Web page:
How often do you analyse your mind? Your chattering internal monologue is free to roam as it pleases through news stories, clothing catalogues, countless little worries….The freedom this voice inside your head is granted is obtuse and unhealthy, and meditation apps such as Headspace encourage us to slow down this manic alter-person and analyse its twittering.
This is relatively easy to do, being so obviously vocal. However your brain is large and fathomless, and perhaps your mental wellbeing is assaulted by something much more undetectable; the endless consumption of media which is absorbed by your ever searching eyes.
An Ofcom News consumption study from 2019 found that half of UK adults get their news from social media. This is a shockingly high proportion of adults when comparing it to the 78 per cent of adults who have social media. You may be thinking what is the problem?
It is good that people are connecting with the news at all, especially when it is so horrific most of the time. Think about how the news is portrayed by social media- a whole story summed up by a snappy headline and evocative image. How can this hope to capture the full complexity of a story? It cannot, giving rise to ambiguity, biases and fake news.
Working from home augments the opportunity to passively consume information through social media. Without fellow students and colleagues to keep you in check, it is tempting to look for distractions. With the majority of work being online, the pathway to a social media wormhole is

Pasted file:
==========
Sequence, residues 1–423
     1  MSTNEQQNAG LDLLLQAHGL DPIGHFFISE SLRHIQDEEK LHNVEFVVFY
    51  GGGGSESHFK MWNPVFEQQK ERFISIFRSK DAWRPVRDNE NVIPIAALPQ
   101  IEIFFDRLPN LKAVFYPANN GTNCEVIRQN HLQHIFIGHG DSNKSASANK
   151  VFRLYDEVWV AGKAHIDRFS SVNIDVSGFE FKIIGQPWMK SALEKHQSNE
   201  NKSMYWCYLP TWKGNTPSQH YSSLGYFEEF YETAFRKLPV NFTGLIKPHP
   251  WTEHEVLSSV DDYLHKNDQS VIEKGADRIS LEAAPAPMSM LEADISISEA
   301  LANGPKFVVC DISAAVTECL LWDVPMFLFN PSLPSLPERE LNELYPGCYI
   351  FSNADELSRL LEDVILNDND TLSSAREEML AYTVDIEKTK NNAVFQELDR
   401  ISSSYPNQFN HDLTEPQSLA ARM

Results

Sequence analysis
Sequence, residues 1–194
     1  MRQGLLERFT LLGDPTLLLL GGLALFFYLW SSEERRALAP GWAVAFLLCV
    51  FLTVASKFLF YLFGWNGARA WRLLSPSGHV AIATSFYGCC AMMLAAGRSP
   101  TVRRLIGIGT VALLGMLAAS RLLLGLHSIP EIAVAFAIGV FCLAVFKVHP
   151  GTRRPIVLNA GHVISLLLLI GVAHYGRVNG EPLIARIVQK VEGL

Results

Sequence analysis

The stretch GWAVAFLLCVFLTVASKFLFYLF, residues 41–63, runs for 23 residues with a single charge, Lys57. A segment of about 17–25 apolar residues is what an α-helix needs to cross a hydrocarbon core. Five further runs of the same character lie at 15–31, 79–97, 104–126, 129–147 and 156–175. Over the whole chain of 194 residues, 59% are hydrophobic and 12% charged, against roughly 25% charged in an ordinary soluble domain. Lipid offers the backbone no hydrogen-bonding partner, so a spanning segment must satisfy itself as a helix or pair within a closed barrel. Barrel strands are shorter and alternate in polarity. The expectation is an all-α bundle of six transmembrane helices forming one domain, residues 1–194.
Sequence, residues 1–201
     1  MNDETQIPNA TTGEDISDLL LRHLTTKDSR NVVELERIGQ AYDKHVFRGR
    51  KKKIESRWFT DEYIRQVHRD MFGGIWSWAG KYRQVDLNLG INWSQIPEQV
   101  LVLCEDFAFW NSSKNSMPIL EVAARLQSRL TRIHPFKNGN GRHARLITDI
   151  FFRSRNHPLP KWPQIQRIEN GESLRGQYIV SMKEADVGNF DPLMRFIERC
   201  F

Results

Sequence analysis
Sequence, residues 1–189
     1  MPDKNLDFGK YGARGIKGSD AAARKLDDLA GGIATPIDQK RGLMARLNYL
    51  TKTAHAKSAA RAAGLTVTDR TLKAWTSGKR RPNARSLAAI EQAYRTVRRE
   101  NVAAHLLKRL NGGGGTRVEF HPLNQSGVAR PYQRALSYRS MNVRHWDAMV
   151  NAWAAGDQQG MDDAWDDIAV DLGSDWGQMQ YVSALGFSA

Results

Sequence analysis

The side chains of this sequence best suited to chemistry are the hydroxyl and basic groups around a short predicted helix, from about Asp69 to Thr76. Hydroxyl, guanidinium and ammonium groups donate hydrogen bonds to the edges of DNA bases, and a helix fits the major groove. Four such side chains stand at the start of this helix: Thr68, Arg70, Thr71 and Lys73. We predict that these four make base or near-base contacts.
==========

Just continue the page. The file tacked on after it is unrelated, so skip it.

footsteps away. Bleak solitary work days, leave no opportunity to discuss what you have just (passively) absorbed, and the information is given a free ride through your mind.
Much of what the internet throws at you is not analysed or questioned, leading to people being misinformed. Adverts and artificially portrayed images can leave people feeling dissatisfied with their life. The information obtained through social media is short and snappy, and consequently limited. This has led scientists such as Anne-Laure Le Cunff to promote mind-gardening, “a proactive way of cultivating knowledge, ideas and thinking in general” to undo the damage of passive media consumption.
The synapses in your brain make 10,000 connections every 15 minutes, irrespective of whether you want them to be made or not. Our brain encapsulates a huge part of what it means to be ‘us.’ Leaving the fusing of these connections to chance is terrifying.
Mind-gardening allows you to gain back your agency in who you want to be. When you begin to actively make your own connections, your mental landscape becomes healthier and you can begin to nurture your creativity! By proactively consuming media, you have the agency to connect concepts
together in wild, fresh and fantastic ways, into ideas with a life of their own.
Mind gardening has been shown to improve your attention span and memory. Anne-Laure Le Cunff says anyone can start, simply by taking notes of information we find interesting. Thinking about the media you consume, allows you to mould your mind and discover your thoughts as something inherent to your unique individuality.
To help you get started Le Cunff recommends the online note taking software ‘Roam Research’ and ‘Tiddlywiki, the interface allowing you to note down ideas and connect ideas.
Don’t be discouraged if mind-gardening seems daunting; whilst at first it might seem time-consuming, as long as you approach it in a fun and playful manner, mind-gardening will soon become effortless and a part of your routine. Give it a go and reap the benefits of improved life satisfaction and mental wellbeing.
Image: Ezra Jeffrey-Comeau via unsplash